By: Elizabeth Román | firstname.lastname@example.org
Article Credit: MassLive
HOLYOKE – A $450,000 grant provided by the U.S. Department of Justice has made it possible for the Holyoke Police Department to join with several agencies to take a closer look at elder abuse in the city.
The police department has partnered with the Hampden County District Attorney’s Office, Womanshelter Compañeras and Western Mass Eldercare to create a task force that will look at ways to prevent domestic abuse against people over the age of 50.
“The focus is to end abuse for those in later life, specifically those age 50 and above,” said John Hart, grant writer and fiscal manager of the police department. “Elder abuse is a problem nationwide because many cases are never reported.”
A kickoff event for C.A.L.L Task Force” (Combating Abuse Later in Life) was held at Holyoke Community College on Wednesday.
Hampden District Attorney Anthony D. Gulluni said the partnership will help protect seniors in the region.
“The partnerships generated by this grant concentrate resources to combat elder abuse. Having service providers and law enforcement working together strengthen prevention efforts and, when victimization occurs, makes it easier for seniors to access the help and services they need during difficult times,” he said.
Gulluni said financial scams are continuing to increase.
“My Elder and Disabled Person Protection Unit constantly works with local law enforcement, as well as, state and non-profit service providers to investigate both physical and financial abuse of seniors. What stands out over the past couple of years is the proliferation and sophistication of financial scams targeted at seniors,” he said.
Roseann Martoccia, executive director of Western Mass Elder Care, said elder abuse is not often talked about.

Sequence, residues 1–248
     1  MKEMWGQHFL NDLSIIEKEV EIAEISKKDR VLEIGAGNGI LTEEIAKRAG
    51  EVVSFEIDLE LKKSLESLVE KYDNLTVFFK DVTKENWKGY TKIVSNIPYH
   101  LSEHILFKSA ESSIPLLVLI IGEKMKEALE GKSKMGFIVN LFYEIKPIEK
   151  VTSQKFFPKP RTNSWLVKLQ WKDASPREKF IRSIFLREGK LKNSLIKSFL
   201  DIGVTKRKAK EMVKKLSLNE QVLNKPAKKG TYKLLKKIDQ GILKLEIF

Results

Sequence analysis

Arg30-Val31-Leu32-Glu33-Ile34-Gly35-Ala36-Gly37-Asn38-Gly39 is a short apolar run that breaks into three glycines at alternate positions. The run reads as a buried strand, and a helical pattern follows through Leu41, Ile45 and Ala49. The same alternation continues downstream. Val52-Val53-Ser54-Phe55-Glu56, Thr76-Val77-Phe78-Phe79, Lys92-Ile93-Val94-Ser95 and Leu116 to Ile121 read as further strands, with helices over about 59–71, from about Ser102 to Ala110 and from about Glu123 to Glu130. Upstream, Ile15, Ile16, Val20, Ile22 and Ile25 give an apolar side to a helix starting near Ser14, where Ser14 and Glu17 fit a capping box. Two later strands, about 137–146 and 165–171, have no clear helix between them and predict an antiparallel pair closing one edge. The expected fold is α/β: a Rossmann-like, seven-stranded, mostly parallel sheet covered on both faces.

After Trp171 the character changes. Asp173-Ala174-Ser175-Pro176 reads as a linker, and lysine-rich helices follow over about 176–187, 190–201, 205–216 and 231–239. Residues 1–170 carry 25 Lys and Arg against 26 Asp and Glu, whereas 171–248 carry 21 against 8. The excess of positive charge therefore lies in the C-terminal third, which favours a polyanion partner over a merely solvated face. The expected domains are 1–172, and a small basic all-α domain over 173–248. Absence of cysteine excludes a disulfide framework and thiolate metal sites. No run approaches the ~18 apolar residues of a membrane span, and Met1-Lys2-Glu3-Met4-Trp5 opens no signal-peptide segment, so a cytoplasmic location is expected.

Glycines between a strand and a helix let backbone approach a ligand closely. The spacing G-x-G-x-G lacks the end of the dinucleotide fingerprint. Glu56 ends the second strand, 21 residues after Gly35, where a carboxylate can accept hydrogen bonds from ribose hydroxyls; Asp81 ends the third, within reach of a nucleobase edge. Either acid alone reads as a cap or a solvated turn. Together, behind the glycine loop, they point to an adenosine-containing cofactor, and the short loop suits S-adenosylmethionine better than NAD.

“For many years the reports of elder abuse in Massachusetts have been on an upward trend and that’s actually a good thing because nationally the statistics say that for every report that is made, there are probably three that are not made,” she said. “This is a problem that goes across socioeconomic status. Anyone can be affected by abuse, self-neglect, emotional and physical abuse, financial exploitation and sexual abuse.”
Martoccia said sometimes the neglect comes from well-meaning family members.
“I call it benign neglect. People feel like they can do it all. They think ‘I am caring for my family member I don’t need any help. They cared for me and brought me up and I’m gonna do this’ and sometimes even well intentioned people need help, because everyone burns out. You get tired, it’s financially, emotionally and physically taxing. If you are a care giver reach out and others will be there to help you. You’ll find a way,” she said.
Hart said the grant also pays for an elder affairs officer and a women’s shelter advocate to go out into the community and do case reviews and follow-ups with people.
“A lot of times there is a lack of communication. With this new response team we can work together to bring awareness, educate each other and work together to protect elders,” he said.
Anyone who suspects elder abuse or caregivers who need assistance caring for a loved one can call 1-800-922-2275 or locally 413-538-9020.